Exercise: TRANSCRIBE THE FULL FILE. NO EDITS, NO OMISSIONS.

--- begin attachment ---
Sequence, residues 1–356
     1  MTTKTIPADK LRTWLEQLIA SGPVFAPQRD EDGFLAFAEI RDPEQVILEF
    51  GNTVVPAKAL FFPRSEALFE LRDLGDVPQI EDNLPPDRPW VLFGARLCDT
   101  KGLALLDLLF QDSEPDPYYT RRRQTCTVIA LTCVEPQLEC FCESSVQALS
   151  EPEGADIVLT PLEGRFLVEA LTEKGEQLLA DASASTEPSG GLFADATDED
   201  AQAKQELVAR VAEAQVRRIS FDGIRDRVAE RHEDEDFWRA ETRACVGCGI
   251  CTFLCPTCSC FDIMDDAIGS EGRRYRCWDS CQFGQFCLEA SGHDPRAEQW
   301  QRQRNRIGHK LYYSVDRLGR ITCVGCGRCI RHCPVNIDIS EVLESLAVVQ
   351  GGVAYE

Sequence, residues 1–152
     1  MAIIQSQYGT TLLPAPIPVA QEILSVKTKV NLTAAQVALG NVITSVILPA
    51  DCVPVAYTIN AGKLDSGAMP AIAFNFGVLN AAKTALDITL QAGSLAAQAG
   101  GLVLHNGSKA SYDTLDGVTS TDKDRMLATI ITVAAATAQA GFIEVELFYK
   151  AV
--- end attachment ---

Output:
Sequence, residues 1–356
     1  MTTKTIPADK LRTWLEQLIA SGPVFAPQRD EDGFLAFAEI RDPEQVILEF
    51  GNTVVPAKAL FFPRSEALFE LRDLGDVPQI EDNLPPDRPW VLFGARLCDT
   101  KGLALLDLLF QDSEPDPYYT RRRQTCTVIA LTCVEPQLEC FCESSVQALS
   151  EPEGADIVLT PLEGRFLVEA LTEKGEQLLA DASASTEPSG GLFADATDED
   201  AQAKQELVAR VAEAQVRRIS FDGIRDRVAE RHEDEDFWRA ETRACVGCGI
   251  CTFLCPTCSC FDIMDDAIGS EGRRYRCWDS CQFGQFCLEA SGHDPRAEQW
   301  QRQRNRIGHK LYYSVDRLGR ITCVGCGRCI RHCPVNIDIS EVLESLAVVQ
   351  GGVAYE

Sequence, residues 1–152
     1  MAIIQSQYGT TLLPAPIPVA QEILSVKTKV NLTAAQVALG NVITSVILPA
    51  DCVPVAYTIN AGKLDSGAMP AIAFNFGVLN AAKTALDITL QAGSLAAQAG
   101  GLVLHNGSKA SYDTLDGVTS TDKDRMLATI ITVAAATAQA GFIEVELFYK
   151  AV